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A Gentle Roar  

It was an odd sensation. The cool breeze tumbling through the open window, carrying along on its invisible current a sound.  Vague at first.  Indistinct.   Then it stirred me out of my last attempts at sleep.

Even in the stupor born of time zones and travel, I quickly assessed the noise--an Arabic chant sounding from a distant speaker calling ancient Istanbul to piety for Allah.  The morning Muslim call to prayer.

But the more I listened, the more difficult it became to discern the imam's voice.  There were echoes everywhere, it seemed.  That “solo” was now a chorus.  Or perhaps, more accurately, a wall of sound.  Different voices from different mosques all over the city were chanting back and forth (in Istanbul there is a mosque on virtually every city block).  This wall of sound, this “gentle roar” was like nothing I'd ever heard before.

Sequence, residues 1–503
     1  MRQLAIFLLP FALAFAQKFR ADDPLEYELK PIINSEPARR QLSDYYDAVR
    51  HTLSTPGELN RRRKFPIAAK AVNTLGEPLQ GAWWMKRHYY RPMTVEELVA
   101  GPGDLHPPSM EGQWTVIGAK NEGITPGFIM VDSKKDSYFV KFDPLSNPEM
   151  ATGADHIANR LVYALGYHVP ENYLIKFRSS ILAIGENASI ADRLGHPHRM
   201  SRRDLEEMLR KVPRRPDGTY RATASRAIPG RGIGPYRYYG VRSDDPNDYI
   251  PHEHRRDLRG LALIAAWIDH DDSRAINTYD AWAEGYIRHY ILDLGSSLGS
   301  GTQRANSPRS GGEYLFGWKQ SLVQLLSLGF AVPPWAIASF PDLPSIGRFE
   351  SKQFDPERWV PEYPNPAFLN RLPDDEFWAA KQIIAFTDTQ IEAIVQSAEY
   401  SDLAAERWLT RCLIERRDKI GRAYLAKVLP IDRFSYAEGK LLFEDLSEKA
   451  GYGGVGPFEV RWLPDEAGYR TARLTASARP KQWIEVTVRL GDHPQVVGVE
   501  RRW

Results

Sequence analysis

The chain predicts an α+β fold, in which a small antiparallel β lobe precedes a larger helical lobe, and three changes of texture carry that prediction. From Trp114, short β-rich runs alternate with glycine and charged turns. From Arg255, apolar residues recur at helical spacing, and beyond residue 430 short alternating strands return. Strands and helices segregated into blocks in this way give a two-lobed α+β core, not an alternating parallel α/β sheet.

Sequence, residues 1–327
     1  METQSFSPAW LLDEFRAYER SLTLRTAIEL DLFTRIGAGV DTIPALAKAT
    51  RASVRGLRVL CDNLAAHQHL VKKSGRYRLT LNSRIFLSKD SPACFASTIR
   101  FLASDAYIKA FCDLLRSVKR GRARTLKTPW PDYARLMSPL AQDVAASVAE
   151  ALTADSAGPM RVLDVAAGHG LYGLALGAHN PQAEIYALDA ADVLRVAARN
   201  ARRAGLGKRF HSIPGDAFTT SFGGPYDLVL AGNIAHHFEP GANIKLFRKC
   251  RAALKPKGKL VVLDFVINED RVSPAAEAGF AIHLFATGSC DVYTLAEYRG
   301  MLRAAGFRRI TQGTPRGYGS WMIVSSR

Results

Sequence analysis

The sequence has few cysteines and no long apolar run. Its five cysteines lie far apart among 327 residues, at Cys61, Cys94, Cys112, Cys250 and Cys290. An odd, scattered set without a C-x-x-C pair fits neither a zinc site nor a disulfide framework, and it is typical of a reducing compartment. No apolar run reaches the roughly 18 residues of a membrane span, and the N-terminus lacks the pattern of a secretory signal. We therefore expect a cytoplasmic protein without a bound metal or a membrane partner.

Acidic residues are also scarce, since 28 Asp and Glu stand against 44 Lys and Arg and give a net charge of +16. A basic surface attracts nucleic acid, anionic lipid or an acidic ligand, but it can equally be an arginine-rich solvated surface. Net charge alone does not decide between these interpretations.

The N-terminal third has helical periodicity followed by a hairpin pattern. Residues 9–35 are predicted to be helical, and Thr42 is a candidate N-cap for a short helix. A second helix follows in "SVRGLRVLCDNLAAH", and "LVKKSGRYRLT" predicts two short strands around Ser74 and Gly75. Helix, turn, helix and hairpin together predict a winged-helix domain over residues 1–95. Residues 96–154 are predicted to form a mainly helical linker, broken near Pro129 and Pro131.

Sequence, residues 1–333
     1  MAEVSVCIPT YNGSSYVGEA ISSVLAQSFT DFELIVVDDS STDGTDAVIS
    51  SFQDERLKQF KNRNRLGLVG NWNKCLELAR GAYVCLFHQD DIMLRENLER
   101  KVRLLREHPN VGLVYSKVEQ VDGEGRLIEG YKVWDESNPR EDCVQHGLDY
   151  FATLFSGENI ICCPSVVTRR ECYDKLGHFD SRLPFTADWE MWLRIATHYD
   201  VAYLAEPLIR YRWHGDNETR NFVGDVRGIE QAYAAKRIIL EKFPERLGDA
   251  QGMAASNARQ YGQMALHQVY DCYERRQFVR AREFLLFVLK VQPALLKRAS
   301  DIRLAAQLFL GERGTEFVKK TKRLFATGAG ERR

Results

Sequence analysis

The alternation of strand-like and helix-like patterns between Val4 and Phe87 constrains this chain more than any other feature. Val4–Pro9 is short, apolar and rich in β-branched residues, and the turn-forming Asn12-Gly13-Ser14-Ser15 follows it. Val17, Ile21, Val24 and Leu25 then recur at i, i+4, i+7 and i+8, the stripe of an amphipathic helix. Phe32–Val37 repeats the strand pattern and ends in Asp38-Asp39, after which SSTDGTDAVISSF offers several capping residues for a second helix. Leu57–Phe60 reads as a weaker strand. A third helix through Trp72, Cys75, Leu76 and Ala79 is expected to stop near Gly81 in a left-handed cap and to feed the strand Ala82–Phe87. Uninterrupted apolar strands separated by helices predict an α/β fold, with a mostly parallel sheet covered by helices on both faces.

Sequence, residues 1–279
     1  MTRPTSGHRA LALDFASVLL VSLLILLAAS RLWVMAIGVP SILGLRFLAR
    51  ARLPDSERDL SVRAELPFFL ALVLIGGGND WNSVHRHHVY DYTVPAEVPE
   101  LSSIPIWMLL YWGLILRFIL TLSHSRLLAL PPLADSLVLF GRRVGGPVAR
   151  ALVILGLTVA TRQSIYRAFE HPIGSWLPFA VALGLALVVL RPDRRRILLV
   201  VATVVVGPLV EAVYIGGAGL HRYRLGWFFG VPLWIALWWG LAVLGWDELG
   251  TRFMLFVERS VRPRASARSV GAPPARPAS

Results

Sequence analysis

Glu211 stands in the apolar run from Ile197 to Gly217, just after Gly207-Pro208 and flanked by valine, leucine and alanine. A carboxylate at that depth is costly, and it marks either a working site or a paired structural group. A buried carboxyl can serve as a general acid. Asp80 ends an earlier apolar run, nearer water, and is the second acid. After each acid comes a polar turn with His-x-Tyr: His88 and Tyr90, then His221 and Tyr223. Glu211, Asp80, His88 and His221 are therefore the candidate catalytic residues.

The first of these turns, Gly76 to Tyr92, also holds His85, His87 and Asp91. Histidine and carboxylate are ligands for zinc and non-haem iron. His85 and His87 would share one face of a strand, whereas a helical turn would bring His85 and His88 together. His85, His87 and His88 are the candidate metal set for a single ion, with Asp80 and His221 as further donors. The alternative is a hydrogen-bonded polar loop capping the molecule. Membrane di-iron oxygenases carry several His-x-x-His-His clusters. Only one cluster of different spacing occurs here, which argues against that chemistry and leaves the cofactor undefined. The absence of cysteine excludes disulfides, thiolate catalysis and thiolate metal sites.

It continued on for perhaps 10 or 15 minutes before finally dying away again.  Assaulted by a sudden silence, the question popped into my brain, “Why don't followers of Jesus pray so boldly?  Where is our “gentle roar?”  Why shouldn't the world hear us calling on Almighty God?  Shouldn't the whole world sense our communion with our Heavenly Father in prayer?

In the book of Acts, we read that after the disciples met and prayed, 'the place was shaken where they were assembled together” (Acts 4:31).   Silent prayers--personal prayers–surely have their place.  Even the Holy Spirit prays for us “with groanings which cannot be uttered” (Romans 8:26).

Still, I wonder. What if followers of Christ were really and truly dedicated to prayer?   What if we stopped what we were doing five or six or ten times a day and prayed, not ritualistic prayers, but true heart language?    What if our prayer meetings were filled to overflowing? And what if on Sunday mornings, outsiders attending our services described their experience as “being in a house of prayer?

Indeed, what if when the whole world attempted to define Christianity it would be impossible to separate our faith...from the gentle roar of our combined prayers?


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Jon GaugerJon Gauger

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